Summary: Only by God’s grace can we find salvation, even at the last moment.
First Baptist Church
February 17, 2002
"Express to Paradise"
Jesus was whipped and beaten. But He was not the only one that
Friday morning. There were two other men, criminals, they had
been convicted of crimes and had been sentenced to death. Death
by crucifixion. We don’t know what their crimes were, we can
infer a little from the Greek that they had done some treacherous
things. Maybe they were thugs, who had stolen and killed so they
could profit, however their crimes really don’t matter.
They were guilty, they knew it and they admitted it. They
exhausted all their appeals and now they were facing the
punishment for their crimes. Just like Jesus, they walked down the
same street carrying their cross to the place of execution. A place
called "Golgotha" — or skull hill. It was called that, because when
you looked at the hill from a certain angle, you could see two
sockets for the eyes, a nose and a mouth. It resembled a skull.
That was the place where the Romans executed common
criminals, and Jesus was considered a common criminal.
What occurred on the cross that day is a testimony to life. There
were three men, each one represented one aspect of life. Jesus
was the Savior, the One who came to save all people from living
an eternity void of love and joy. One was a criminal who would
have made John Wayne, Sylvester Stallone and Clint Eastwood
look like wimps. He didn’t believe he needed to be saved from
anything other than death. The third man represents those people
who ultimately accept the gift of grace that Jesus offers us, the gift
There were no other possibilities in regards to responding to God’s
salvation. That is the basic point of those three crucifixions on that
day. God used Jesus and the two criminals to dramatize the only
possible responses to God’s promised Messiah: belief or unbelief,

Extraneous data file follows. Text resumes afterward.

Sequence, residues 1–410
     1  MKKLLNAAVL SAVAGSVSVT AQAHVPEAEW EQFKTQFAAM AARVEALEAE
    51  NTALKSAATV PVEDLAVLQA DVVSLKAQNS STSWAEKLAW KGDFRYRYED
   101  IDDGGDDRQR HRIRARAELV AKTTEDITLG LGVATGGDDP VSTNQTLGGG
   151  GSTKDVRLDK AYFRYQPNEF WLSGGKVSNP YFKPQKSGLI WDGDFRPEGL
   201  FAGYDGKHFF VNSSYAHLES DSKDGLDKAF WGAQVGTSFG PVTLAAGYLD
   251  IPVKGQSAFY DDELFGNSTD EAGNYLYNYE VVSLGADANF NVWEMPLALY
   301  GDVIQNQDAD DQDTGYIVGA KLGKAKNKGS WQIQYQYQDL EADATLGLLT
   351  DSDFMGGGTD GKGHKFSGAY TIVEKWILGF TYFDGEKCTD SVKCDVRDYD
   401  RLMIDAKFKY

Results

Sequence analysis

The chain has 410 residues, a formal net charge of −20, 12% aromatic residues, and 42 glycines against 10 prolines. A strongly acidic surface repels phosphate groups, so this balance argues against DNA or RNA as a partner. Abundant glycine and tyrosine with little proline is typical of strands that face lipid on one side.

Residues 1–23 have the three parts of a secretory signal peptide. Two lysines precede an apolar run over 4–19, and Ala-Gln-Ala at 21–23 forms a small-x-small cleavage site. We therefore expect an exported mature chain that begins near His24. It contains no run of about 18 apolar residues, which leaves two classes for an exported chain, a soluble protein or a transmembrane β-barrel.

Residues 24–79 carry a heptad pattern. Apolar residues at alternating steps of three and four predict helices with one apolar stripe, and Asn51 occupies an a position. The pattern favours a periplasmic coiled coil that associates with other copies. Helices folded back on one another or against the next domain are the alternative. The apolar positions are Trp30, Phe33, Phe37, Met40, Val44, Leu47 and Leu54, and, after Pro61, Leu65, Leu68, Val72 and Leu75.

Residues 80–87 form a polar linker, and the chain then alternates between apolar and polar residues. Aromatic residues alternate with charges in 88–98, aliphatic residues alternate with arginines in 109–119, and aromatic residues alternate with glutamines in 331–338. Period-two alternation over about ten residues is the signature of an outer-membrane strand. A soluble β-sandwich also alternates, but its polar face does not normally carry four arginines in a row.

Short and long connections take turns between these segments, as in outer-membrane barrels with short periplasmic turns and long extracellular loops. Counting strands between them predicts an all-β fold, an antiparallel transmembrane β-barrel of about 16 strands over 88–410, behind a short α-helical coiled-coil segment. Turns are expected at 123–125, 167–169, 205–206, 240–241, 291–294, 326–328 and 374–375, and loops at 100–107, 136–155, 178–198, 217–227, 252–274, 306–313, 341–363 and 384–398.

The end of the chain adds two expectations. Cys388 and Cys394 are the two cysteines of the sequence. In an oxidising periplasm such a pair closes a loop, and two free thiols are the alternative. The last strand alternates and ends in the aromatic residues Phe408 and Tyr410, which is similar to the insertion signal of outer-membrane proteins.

acceptance or rejection, repentance or unrepentance.
So, let’s take a little deeper look at what happened to those two
criminals who hung on either side of Jesus. Matthew’s gospel tells
us both men were violent robbers and along with the chief priests,
teachers and on-lookers, they "heaped insults on" Jesus (27:44).
They saw Jesus as no better than themselves.
Both men wanted to be saved, neither wanted to die the death that
was ahead of them. Each man in his own way asked the same
question of Jesus, "Save me!" Yet, the meaning behind the
questions were very different. The tough criminal told Jesus,
"aren’t you the Christ? Save us and save yourself." On the
surface it sounds like a reverent petition. Like a prayer for
salvation, a prayer you or I might utter.
Yet, it was filled with sarcasm and condemnation. When we take
a deeper look, he is really saying, "Get me out of this mess. I
don’t regret what I’ve done, I only regret being caught. I don’t
mind what I am, I only mind where I am. I am only interested in
comfort — now. I’m not sure you are King of anything unless you
do what I tell you to do and free me so I can continue to live a
rebellious life." Does that type of prayer sound familiar to you? It